Melanie's thesis, 'Their Allotted Place: social conditions, survival strategies, and comparative respectability among naval wives in mid-nineteenth century Portsea Island', focused on working-class wives and mothers who stayed home while their men were at sea - a female community hitherto neglected by maritime and social historians. Using data extracted from Admiralty records, Melanie constructed a cohort of nearly 1600 individuals, all dependants of lower-deck Royal Navy seamen. The material enabled her to establish the women's nuptial and migration patterns, mutual support networks, and involvement in paid work and criminal activity; she also identified household structures rarely found in English society, and constructed microhistories of individuals.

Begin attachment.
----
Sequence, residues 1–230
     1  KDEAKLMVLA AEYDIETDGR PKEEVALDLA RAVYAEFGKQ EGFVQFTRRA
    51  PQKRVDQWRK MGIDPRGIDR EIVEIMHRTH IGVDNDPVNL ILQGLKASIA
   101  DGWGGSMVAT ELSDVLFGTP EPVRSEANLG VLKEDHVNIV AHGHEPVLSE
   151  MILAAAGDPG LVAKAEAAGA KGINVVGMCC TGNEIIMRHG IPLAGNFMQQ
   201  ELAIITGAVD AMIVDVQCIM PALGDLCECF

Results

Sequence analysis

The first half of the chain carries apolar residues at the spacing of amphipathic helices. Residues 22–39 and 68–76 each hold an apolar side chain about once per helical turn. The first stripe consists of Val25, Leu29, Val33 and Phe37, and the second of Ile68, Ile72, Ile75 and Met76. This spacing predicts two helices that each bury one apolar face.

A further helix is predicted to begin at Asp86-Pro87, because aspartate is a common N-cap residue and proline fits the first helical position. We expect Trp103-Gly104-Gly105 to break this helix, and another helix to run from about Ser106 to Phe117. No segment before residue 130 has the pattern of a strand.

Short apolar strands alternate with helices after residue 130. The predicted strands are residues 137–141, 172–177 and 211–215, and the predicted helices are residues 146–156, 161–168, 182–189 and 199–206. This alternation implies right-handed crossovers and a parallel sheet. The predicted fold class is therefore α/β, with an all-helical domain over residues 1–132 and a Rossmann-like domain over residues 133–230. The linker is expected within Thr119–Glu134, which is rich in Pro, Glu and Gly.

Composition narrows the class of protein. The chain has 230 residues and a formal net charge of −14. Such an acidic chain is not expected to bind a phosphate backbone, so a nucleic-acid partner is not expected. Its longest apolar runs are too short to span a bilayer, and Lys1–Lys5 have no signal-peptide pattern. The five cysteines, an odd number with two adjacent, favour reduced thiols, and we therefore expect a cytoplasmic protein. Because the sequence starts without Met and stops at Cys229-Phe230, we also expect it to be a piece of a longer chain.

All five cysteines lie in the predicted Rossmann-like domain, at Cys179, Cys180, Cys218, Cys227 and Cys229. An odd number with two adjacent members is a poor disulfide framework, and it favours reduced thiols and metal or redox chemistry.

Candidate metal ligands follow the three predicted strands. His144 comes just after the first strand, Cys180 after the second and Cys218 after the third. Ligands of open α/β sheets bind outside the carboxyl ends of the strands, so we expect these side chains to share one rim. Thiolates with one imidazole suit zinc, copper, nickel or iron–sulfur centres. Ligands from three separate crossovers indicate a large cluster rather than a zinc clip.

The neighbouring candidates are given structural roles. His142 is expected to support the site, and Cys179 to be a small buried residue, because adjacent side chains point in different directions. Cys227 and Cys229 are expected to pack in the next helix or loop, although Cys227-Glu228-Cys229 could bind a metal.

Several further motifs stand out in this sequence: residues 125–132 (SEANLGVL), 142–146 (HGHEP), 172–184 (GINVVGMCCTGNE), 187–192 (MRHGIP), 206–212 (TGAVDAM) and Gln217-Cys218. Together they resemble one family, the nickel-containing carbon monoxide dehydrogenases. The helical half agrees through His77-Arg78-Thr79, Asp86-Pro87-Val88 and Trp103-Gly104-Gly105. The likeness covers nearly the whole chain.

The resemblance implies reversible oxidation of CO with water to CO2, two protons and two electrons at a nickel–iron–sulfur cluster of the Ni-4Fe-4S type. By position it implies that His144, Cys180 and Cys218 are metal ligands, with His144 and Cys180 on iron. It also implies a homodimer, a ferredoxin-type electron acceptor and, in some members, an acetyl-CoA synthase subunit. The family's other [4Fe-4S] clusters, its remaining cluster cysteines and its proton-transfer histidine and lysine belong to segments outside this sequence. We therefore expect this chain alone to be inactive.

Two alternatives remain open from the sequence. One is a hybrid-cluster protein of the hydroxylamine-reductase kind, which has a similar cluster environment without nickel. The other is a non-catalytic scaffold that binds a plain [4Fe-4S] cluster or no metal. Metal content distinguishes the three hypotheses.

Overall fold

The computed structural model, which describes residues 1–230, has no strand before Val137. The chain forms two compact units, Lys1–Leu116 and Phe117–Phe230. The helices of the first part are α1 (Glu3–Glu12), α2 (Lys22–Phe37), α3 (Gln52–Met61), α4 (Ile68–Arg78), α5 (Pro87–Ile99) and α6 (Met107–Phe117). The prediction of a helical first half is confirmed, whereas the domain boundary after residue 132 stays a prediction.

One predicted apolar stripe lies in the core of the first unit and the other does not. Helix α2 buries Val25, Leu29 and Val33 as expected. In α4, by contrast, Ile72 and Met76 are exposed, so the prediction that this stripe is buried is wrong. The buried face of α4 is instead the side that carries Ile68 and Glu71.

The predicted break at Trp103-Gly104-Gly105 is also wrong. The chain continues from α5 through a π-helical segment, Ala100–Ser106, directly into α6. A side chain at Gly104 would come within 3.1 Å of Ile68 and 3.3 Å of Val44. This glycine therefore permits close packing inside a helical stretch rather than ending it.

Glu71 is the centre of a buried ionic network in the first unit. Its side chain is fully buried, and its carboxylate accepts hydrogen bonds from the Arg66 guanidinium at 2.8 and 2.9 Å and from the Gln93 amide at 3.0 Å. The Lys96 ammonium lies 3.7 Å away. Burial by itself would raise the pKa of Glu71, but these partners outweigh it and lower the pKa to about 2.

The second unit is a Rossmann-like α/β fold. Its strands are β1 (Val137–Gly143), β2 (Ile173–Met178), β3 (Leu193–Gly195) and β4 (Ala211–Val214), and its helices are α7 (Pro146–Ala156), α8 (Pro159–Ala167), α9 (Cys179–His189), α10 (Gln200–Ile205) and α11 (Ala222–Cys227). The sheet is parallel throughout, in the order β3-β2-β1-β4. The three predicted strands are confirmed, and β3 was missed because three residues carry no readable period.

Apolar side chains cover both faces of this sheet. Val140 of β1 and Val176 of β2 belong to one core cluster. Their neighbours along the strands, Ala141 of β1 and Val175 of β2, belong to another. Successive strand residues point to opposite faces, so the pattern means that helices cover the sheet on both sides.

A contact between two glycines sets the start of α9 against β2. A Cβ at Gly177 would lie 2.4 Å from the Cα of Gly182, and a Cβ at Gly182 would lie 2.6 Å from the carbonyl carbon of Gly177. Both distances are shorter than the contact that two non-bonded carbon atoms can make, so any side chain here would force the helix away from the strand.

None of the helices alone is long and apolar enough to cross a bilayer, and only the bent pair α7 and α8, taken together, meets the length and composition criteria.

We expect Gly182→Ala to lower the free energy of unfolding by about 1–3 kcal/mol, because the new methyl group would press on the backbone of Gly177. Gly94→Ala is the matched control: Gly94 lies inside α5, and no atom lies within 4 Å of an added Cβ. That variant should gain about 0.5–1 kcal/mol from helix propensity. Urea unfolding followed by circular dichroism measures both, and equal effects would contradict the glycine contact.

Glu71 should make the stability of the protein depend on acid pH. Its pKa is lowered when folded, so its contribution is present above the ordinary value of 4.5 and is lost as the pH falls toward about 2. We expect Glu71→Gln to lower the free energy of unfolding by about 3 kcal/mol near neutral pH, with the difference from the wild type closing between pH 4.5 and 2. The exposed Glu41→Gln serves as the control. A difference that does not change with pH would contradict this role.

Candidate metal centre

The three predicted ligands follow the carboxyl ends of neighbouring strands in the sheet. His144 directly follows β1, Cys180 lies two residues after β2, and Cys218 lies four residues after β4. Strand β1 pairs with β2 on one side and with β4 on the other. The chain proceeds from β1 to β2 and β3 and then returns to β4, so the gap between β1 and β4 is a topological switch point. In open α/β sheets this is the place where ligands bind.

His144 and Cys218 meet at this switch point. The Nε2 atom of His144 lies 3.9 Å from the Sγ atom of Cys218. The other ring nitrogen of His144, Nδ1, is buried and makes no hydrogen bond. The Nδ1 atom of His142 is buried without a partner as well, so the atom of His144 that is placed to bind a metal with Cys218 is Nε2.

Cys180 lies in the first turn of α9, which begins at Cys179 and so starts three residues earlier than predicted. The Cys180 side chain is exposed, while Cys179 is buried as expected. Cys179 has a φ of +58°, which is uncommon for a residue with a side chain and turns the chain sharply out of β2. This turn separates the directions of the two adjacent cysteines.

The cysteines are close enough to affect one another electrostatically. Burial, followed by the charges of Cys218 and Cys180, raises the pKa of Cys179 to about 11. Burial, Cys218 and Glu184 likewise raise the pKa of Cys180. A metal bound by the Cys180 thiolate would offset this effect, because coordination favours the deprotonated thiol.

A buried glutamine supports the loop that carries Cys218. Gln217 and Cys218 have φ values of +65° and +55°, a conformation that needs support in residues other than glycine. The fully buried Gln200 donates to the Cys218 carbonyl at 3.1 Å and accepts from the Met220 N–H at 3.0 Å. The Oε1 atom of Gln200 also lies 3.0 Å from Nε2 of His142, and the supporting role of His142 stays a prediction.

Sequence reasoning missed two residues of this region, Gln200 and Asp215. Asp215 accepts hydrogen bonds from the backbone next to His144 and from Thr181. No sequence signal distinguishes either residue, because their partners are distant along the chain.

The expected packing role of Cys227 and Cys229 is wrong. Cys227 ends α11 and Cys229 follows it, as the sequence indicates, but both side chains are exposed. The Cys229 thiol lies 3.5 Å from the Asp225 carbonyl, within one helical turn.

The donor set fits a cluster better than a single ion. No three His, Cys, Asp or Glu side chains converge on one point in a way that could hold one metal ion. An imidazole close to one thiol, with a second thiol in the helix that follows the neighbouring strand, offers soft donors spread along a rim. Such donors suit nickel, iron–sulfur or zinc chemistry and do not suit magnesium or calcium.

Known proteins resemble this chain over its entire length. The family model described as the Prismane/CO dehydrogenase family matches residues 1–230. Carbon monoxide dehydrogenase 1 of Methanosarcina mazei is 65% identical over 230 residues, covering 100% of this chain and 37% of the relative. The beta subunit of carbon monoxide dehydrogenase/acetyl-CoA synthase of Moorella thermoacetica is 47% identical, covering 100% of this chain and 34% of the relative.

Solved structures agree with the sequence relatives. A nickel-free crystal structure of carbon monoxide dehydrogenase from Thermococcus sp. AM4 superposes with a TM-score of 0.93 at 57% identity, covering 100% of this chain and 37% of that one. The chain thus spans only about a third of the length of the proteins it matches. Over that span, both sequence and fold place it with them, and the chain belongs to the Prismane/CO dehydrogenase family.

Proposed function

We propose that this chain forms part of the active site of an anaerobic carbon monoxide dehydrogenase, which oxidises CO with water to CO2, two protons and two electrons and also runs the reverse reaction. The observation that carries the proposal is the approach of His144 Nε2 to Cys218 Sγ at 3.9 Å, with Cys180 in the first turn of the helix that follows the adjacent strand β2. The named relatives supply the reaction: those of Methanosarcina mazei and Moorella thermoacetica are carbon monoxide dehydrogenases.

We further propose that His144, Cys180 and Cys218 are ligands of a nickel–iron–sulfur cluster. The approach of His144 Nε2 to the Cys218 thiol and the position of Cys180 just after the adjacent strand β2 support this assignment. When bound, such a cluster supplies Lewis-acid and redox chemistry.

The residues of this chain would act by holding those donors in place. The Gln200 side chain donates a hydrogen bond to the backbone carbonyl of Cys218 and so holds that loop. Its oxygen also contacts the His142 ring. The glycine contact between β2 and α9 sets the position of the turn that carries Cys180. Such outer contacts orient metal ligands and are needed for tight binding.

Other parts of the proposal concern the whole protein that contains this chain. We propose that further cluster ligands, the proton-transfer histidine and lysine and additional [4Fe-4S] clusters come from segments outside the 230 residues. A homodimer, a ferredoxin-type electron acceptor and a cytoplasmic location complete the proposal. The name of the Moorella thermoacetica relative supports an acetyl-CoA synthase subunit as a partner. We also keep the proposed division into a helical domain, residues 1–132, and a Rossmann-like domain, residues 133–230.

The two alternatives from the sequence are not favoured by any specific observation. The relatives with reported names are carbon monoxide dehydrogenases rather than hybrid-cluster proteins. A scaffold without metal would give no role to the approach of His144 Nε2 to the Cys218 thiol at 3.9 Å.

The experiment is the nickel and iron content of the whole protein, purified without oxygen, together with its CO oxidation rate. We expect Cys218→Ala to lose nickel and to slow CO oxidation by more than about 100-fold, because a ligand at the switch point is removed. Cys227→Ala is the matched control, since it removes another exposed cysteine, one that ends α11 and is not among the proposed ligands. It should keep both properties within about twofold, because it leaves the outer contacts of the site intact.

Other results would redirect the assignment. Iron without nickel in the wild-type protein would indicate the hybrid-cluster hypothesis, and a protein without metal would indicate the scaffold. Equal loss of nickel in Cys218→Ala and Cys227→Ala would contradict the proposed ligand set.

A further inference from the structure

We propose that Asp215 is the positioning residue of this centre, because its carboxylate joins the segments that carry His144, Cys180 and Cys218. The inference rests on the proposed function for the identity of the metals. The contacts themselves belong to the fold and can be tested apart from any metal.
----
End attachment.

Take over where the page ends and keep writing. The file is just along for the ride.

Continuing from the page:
The BCMH prize will be presented at the Commission's New Researchers in Maritime History conference in Chatham later this year. Meanwhile, publishers Boydell & Brewer have contracted Melanie to turn her thesis into a book, Naval Seamen's Women in Nineteenth-Century Britain.